Recent technological advances have turned biology in data-driven science. Bioinformatics is the interdisciplinary domain in which biology, computer science, statistics, mathematics, and engineering are combined to support this data-driven approach.
Bioinformatics is a booming interdisciplinary field that is driving innovation in many disciplines ranging from fundamental science in biology and computer science to applied research in biotechnology, pharma industry, medical decision making, food science, and big data analysis.
The increasing impact of the field, together with the need for multi-angle approaches to tackle bioinformatics related problems has created an urgent need for highly trained scientists with an interdisciplinary mindset.
Bioinformatics aims at gaining a better and preferentially more quantitative molecular understanding of cellular processes by integrating and modeling large amounts of molecular data.
- you like problem-solving through data analysis and data mining,
- you are intrigued by understanding and modeling complex biological processes,
- you want to make biological discoveries by decoding big data,
- you like working in an interdisciplinary environment.
then bioinformatics is something for you.
As a bioinformatician, you will become an interdisciplinary scientist or engineer who can develop or use state-of-the-art statistical and computer science techniques to mine molecular data in order to answer fundamental or applied biological and biomedical questions. Ghent University offers an interfaculty Master of Science in Bioinformatics program, which - depending on the chosen track - can result in an Engineering or Bioscience Engineering degree.
- offers a track-tuned toward your specific interests and background that prepares you for different job profiles in the bioinformatics domain (respectively bioinformatics scientist and bioinformatics engineer);
- offers both theoretical deepening and data analytical/ problem solving skills;
- is embedded in a strong bioinformatics and biotechnology research environment, located at the Faculty of Sciences, Medicine, Bioscience Engineering and Engineering and Architecture and is affiliated with the VIB and IMEC.
Master of Science in Bioinformatics: Engineering (120 ECTS)
With a bachelor degree in Engineering or Computer Science, you have the optimal background to become a bioinformatics engineer. As bioinformatics engineer, you are skilled in developing new algorithms and complex software implementations, primarily focusing on, but equally applicable outside the bioinformatics domain. You will follow a module of ‘biologically oriented’ courses that will provide you with the basic domain knowledge to understand a data-driven biological problem. However, the major part of your curriculum will focus on advanced engineering and computer science techniques that elaborate on an already advanced knowledge obtained during your bachelor (see program overview https://studiegids.ugent.be/2018/EN/FACULTY/C/MABA/CMBIOIEN/CMBIOIEN.html. Practical bioinformatics skills are obtained through the design project (9 ECTS) and the master thesis (30 ECTS) which focuses on a research topic. In addition, you will also have the opportunity to do an internship in the industry or a governmental institution.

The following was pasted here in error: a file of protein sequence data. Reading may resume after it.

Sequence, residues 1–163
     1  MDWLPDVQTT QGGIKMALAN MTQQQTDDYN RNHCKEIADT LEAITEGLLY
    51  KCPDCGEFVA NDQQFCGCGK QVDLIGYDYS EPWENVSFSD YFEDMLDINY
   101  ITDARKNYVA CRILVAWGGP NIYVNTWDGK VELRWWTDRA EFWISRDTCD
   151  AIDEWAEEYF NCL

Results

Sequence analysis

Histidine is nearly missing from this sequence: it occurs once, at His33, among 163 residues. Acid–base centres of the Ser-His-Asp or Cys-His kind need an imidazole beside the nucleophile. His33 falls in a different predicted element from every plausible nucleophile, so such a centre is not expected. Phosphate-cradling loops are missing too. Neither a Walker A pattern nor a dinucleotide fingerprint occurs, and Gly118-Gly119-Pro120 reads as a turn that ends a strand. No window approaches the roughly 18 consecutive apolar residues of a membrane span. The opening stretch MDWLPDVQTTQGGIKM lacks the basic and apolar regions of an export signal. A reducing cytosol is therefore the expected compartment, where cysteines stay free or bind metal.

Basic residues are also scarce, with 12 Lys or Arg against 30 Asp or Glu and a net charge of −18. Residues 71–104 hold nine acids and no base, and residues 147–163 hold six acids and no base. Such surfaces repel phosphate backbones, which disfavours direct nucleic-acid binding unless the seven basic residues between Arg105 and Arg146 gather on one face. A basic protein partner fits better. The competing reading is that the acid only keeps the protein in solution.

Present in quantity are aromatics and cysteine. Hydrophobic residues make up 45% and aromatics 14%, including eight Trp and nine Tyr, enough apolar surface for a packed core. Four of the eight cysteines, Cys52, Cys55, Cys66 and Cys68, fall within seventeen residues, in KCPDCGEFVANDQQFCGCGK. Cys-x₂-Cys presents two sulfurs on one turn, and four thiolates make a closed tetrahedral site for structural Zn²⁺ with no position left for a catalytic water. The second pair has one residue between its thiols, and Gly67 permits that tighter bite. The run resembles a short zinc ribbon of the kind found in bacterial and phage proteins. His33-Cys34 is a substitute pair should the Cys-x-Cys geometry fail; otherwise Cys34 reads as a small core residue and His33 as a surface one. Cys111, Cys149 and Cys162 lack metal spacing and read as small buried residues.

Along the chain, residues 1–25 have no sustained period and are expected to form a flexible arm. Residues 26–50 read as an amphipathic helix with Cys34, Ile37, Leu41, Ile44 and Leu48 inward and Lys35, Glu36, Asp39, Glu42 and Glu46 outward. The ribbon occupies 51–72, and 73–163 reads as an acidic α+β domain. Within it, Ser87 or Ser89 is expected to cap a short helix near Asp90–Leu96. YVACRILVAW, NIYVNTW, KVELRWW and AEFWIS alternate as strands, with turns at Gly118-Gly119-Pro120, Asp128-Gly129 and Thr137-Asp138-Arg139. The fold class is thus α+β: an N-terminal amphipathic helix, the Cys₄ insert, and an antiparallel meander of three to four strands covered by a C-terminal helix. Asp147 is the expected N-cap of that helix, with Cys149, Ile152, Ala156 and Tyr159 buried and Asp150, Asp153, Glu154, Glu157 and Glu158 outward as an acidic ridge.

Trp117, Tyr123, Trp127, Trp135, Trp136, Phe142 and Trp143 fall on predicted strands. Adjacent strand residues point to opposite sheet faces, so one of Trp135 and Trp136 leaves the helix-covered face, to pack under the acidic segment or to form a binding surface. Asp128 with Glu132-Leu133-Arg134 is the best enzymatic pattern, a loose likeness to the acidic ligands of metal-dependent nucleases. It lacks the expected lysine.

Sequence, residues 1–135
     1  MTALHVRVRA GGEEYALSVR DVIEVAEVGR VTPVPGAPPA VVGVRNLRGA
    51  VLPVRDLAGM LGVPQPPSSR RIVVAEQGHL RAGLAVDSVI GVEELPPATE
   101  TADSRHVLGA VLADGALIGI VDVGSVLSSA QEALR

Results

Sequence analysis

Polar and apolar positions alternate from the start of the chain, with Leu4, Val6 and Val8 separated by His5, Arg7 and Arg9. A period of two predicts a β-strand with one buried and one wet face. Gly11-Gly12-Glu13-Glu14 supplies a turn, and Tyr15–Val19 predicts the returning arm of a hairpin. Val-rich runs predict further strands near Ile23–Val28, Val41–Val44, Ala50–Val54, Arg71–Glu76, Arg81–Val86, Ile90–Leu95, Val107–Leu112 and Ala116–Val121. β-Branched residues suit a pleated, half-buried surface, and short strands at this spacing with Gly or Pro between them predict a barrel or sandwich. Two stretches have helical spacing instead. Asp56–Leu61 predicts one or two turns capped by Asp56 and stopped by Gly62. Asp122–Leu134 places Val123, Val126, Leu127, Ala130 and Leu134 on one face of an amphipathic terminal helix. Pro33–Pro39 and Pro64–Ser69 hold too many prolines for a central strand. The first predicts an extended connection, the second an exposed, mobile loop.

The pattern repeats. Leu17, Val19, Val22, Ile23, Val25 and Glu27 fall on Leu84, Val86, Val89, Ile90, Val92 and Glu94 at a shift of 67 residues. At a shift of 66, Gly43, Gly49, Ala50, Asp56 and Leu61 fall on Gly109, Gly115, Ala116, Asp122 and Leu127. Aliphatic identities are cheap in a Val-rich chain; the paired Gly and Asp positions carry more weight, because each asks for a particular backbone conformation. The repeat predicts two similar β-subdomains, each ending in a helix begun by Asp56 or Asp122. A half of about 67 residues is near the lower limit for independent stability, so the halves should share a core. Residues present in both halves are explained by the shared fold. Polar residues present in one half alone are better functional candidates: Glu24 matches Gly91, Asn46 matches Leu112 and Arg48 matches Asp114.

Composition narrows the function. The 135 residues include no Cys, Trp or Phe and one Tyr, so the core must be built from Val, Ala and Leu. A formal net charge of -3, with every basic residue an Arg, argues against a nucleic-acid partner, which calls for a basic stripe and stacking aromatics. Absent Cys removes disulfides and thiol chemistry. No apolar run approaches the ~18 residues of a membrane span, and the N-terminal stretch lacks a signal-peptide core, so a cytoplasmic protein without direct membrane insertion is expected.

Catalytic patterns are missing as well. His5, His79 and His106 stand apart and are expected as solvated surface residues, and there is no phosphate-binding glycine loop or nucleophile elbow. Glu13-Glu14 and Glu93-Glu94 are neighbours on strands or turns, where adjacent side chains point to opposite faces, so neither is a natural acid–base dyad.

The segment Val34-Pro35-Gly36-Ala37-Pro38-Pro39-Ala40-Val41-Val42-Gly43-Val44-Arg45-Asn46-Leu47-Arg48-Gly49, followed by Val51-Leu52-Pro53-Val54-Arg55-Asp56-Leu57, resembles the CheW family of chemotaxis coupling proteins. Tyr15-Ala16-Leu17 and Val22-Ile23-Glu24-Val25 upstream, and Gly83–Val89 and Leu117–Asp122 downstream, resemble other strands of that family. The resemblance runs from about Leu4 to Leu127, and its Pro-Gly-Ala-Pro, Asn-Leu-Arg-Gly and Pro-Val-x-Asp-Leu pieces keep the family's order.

Master of Science in Bioinformatics: Systems Biology (120 ECTS)/ Master of Science in Bioinformatics: Bioscience Engineering (120 ECTS)
With a bachelor degree in Biochemistry and Molecular Biology or in Bioscience Engineering, you can decide to become a bioinformatics scientist/bioengineer. A bioinformatics scientist applies (bio)informatics tools and techniques to understand a biological system or to solve an innovative research question. You are trained as a problem solver who can creatively and efficiently combine bioinformatics tools and algorithms to analyze, integrate and model data. Hereto, the program offers a theoretical and practical training in statistics, programming and data analytical techniques (applied mathematics and informatics module) and shows how these basic data analytical methods are combined with domain knowledge to cope with the specificities of the bioinformatics domain (applied bioinformatics module). The difference between the Bioscience Engineering (for a program overview see https://studiegids.ugent.be/2018/EN/FACULTY/C/MABA/CMBIOIBE/CMBIOIBE.html) and the Systems Biology track (for a program overview see https://studiegids.ugent.be/2018/EN/FACULTY/C/MABA/CMBIOISB/CMBIOISB.html) is that the former deepens the engineering skills, whereas the Systems Biology track pays more attention to advance the domain knowledge. Practical bioinformatics skills are obtained through the design project (9 ECTS) and the master thesis (30 ECTS) which focuses on a research topic. In addition, you will also have the opportunity to do an internship in the industry or a governmental institution.
Technological advances have turned biology in a data-driven science. The avalanche of molecular data enables key discoveries in biology, ecology and molecular evolution, drives innovation in biotech and pharma industry and supports medical and governmental decision making. However, the power of using these data for innovation depends on interdisciplinary skills to analyze, integrate and interpret the data. There is thus an urgent need for bioinformatics scientists and engineers with an interdisciplinary mindset. Currently, a large discrepancy exists between the exponential increase of biological data (28% each year) and the number of newly educated bioinformaticians (increase of only 5,8%) who typically find a job in agro, biotech and pharma industry, in research and governmental institutes, and in genetic centra and hospitals. Because of their interdisciplinary and analytical skillsets bioinformaticians also find their way in consultancy, in spin-offs and in data analytics.
More information: http://www.bign2n.ugent.be/master